Bangladesh Bank has achieved a historic milestone in trade and business arena, departing from conventional banking with the introduction of e-commerce recently; a giant stride towards digital Bangladesh. Banks have been allowed to make online money transactions; payment of utility bills through internet, transfer of funds (account to account), payments for trading goods and services, and facilitate online credit card payments in local currency. Indeed, the electronic payments will be considered as cash transactions, which will be regulated under the ‘Anti-Money laundering Act’ as well as other relevant rules and regulations. A national payment gateway, connecting all banks for inter-bank transactions (ebanking) is expected to be established soon. Electronic Fund Transfer will also be possible in near future [6].

Installation of ‘Bangladesh Automated Clearing House (BACH)’ is another remarkable event in the history of financial sector in Bangladesh; will ease the remittance channel and payment system, and therefore, bring dynamism in business activities. The system has been started in early November 2009 on experimental basis, participated by some well prepared banks; will be inaugurated formally soon. Applying sophisticated technological method, the system needs only images and corresponding information of the submitted cheque leaves instead of physical one; will send them to the BACPS ( Bangladesh Automated Cheque Processing System) using a secured communication link. New cheques/clearing instruments (standardized) will contain Magnetic Ink Character Recognition (MICR) line that encompasses information regarding the amount, transaction code, clients account details, routing number (numeric code assigned to bank branches for easy identification of origin and destination of the instrument), cheque leaf’s serial number and so on. The system will support both intra-regional and inter-regional clearings based on a centralized processing centre in Dhaka and designated clearing regions; conforms to the international best practices, cost effective solution for cheque processing [6].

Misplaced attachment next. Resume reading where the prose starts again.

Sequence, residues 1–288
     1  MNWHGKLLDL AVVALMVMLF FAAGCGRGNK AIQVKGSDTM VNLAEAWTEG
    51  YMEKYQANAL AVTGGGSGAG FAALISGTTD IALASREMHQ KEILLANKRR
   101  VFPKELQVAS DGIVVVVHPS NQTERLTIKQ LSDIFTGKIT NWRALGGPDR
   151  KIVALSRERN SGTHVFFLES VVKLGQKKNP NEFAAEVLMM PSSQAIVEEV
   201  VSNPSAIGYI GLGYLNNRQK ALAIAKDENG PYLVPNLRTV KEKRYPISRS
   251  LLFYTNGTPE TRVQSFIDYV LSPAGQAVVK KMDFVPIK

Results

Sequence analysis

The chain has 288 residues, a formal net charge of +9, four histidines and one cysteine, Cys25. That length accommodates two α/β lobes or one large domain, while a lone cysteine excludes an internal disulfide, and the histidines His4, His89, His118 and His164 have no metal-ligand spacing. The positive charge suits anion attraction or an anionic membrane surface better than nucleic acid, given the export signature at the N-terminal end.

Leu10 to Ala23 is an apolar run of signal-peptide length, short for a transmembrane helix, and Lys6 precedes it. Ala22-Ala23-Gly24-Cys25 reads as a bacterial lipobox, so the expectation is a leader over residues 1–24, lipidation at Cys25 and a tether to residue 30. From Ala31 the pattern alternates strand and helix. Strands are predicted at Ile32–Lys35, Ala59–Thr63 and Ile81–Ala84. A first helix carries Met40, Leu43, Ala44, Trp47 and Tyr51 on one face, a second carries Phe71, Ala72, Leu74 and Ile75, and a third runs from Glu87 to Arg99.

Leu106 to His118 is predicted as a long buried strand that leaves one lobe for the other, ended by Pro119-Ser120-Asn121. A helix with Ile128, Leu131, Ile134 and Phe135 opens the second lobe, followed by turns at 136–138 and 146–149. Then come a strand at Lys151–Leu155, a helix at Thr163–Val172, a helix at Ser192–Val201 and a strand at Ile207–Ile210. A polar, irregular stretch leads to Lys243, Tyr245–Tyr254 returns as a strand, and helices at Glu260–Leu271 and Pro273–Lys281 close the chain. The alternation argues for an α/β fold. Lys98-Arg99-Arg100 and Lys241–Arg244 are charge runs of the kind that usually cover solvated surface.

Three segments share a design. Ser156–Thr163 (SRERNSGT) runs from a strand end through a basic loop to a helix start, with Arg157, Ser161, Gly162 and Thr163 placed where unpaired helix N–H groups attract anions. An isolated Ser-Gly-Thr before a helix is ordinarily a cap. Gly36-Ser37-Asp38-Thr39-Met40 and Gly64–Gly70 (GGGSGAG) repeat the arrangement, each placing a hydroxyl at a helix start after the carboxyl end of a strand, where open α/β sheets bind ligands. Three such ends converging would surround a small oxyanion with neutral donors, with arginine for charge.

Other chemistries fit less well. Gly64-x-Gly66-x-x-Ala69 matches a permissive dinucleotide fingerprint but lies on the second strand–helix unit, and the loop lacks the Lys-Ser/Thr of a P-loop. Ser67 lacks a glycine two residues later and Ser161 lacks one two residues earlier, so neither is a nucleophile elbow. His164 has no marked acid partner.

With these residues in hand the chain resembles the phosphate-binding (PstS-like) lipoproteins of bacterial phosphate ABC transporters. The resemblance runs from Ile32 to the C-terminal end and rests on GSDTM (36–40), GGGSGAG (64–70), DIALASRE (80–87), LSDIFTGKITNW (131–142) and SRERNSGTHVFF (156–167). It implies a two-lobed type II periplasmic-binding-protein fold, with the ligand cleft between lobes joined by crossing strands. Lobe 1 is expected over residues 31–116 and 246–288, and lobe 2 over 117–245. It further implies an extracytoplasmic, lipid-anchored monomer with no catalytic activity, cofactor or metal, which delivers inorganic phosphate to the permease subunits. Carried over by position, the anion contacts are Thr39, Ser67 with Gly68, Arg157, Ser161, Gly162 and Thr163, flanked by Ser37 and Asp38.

Therefore, after getting customers’ cheques for collection in the bank-branch, collecting banks will check the prima facie information of the submitted cheques, capture images and information, and send them to BACPS electronically. BACPS will then process and send the images and information to the paying banks for validation. Paying banks will examine the pertinent images and information, and send back to the BACPS for payment (further examination if any inconsistency like fund insufficiency or mismatch of signature etc.) Then BACPS will accumulate all the information; workout a single net amount for each bank, and send back to the collecting banks. As such, cheque clearing time is expected to be turned down to a single day for countrywide payment. In other cases, this will be a matter of couple of hours only. Disaster centre for retrieving data [6].

In submarine cable

The government has already taken initiatives to connect Bangladesh with the second Submarine Cable Network to have secured connectivity with the information superhighway.

The latest statistics (ITU 2007) revealed that internet penetration is only 0.3% in Bangladesh, whereas the rate is 7.3 and 5.3% respectively in India and Pakistan [6].

In E -commerce

BB has achieved a historic milestone in the trade and business arena, departing from conventional banking with the introduction of e-commerce recently; a giant stride towards digital Bangladesh. Banks have been allowed to make online money transactions, payment of utility bills through internet, transfer of funds (account to account), payments for trading goods and services, and facilitate online credit card payments in local currency.

In ICT policy